White House press secretary Kayleigh McEnany said during a press briefing Monday that President Trump "was not making a judgment one way or the other" about NASCAR's decision to ban the Confederate flag and that his attack on Bubba Wallace was an attempt to stand up for NASCAR fans who are unfairly painted as racist.

The state of play: McEnany was repeatedly grilled by reporters over the president's inflammatory tweet, in which he demanded that NASCAR's only Black driver apologize after the FBI determined that he was not a target of a hate crime and claimed that ratings had dropped after the sport banned the Confederate flag at its events.

  • McEnany accused reporters of taking Trump's tweet "out of context" and said that the president was "pointing out the rush to judgment to immediately say that there was a hate crime, as happened in this case, as happened with Jussie Smollett, as happened with the Covington Catholic boys."
  • She said that Trump "believes it goes a long way if Bubba came out and acknowledged" that the noose incident was not a hate crime — despite the fact that Wallace already did so in a statement last month.

McEnany would not respond to repeated follow-up questions about why Wallace should apologize, considering that he was not the one who found the noose in the garage or the one who reported it, per an AL.com timeline of events.

  • While the FBI determined that the noose had been in place as a pull rope in a Talladega garage since October 2019 and thus was not intended for Wallace, NASCAR's president confirmed that it "was real" and that it moved quickly to launch an investigation in order to "protect" its driver.

The key exchange:

REPORTER: "What is the president's position? Does he think NASCAR made a mistake by banning the Confederate flag?"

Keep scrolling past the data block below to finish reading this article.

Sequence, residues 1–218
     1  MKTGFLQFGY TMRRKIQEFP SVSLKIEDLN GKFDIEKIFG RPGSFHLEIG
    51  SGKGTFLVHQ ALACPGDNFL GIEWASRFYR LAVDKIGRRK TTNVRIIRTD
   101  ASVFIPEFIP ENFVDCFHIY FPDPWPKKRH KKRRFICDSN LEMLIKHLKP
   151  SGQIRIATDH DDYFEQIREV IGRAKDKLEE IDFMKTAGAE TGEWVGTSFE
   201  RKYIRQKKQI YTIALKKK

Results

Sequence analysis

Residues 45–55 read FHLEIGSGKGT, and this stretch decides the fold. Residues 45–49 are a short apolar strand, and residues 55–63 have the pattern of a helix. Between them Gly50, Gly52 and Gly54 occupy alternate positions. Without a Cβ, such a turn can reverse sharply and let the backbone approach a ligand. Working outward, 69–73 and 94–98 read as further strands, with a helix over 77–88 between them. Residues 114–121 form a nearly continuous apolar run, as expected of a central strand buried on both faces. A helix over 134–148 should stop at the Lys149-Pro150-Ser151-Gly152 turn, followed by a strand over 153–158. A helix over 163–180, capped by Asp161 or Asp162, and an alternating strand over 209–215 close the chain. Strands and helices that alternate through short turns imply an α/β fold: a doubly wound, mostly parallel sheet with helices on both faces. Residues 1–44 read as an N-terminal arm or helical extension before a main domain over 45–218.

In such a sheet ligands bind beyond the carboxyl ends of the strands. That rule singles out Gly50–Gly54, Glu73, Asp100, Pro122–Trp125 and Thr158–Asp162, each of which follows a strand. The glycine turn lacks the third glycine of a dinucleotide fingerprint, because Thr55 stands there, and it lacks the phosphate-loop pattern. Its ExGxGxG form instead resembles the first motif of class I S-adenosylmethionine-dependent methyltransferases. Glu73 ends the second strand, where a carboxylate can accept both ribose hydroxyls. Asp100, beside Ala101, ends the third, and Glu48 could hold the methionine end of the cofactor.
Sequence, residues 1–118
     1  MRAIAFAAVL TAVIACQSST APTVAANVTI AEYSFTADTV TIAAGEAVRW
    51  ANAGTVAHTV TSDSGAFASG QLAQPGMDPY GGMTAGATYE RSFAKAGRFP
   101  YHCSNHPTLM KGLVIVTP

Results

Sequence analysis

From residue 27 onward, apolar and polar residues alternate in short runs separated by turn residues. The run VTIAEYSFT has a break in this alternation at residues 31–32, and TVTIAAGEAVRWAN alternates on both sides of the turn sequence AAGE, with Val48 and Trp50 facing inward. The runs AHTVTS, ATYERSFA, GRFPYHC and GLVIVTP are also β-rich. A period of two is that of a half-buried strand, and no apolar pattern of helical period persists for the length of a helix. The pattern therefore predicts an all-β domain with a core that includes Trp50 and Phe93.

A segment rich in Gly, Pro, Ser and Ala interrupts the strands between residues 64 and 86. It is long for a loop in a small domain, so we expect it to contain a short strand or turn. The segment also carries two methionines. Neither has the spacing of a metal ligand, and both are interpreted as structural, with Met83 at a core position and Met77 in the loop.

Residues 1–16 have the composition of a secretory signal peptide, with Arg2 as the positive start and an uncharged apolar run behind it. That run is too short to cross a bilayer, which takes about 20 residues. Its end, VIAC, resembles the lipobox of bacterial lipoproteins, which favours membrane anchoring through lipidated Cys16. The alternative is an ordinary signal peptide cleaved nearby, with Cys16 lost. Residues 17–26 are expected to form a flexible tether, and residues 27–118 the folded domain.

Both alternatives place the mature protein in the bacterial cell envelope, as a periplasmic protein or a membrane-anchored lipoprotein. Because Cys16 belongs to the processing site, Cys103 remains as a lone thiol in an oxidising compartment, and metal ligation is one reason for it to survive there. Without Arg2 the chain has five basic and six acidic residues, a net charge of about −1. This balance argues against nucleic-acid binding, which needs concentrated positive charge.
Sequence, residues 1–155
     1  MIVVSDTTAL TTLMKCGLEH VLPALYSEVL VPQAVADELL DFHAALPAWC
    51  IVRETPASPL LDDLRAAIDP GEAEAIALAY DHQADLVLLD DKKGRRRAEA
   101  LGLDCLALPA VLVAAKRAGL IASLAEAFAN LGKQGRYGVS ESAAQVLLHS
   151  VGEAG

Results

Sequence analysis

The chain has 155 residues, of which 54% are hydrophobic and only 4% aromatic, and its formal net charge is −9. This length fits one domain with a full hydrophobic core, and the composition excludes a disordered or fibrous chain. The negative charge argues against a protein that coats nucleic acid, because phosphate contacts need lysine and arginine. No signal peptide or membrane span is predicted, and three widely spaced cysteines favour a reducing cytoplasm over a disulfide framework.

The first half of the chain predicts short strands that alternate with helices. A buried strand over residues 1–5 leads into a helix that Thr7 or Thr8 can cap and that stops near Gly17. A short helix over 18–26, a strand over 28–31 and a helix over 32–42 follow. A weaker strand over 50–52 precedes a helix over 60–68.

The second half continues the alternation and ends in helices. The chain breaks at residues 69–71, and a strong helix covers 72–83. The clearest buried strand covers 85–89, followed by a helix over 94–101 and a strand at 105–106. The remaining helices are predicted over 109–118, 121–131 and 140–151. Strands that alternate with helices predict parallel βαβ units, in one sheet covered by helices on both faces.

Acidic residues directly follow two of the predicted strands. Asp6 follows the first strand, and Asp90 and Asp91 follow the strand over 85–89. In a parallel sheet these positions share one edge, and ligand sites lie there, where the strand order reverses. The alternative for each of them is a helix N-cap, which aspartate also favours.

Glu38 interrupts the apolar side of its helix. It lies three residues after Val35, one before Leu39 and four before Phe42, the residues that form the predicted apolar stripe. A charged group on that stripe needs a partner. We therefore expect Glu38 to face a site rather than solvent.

MCENANY: "I spoke to him this morning about this and he said he was not making a judgment one way or the other. The intent of the tweet was to stand up for the men and women of NASCAR, the fans and those who have gone in this rush to judgment of the media to call something a hate crime when in fact the FBI report concluded this was not an intentional racist act. It very much mirrors other times where there's been a rush to judgment, let's say with the Covington boys or with Jussie Smollett."
REPORTER: "Let's drill down on the Confederate flag. Does he think it was a mistake for NASCAR to ban it?"
MCENANY: "The president said he wasn't making a judgment one way or the other. You're focusing on one word at the very bottom of the tweet that's completely taken out of context and neglecting the complete rush to judgment."

Go deeper: Lindsey Graham says Bubba Wallace has nothing to apologize for

Go deeper

Dozens of Confederate symbols removed in wake of George Floyd's death

A statue of Confederate States President Jefferson Davis lies on the street after protesters pulled it down in Richmond, Virginia, in June. Photo: Parker Michels-Boyce/AFP via Getty Images

59 Confederate symbols have been removed, relocated or renamed since anti-racism protests began over George Floyd's death, a new Southern Poverty Law Center (SPLC) report finds.

Why it matters: That's a marked increase on previous years, per the report, which points out just 16 Confederate monuments were withdrawn or renamed in 2019.

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Illustration: Sarah Grillo/Axios

The fight over a new Supreme Court justice will take Washington's partisan bickering to a new level and undermine any chance for needed coronavirus relief measures before November's election, Wall Street analysts say.

What we're hearing: "With the passing of Justice Ginsburg, the level of rhetorical heat has increased, if that seemed even possible," Greg Staples, head of fixed income for the Americas at DWS Group, tells Axios in an email.

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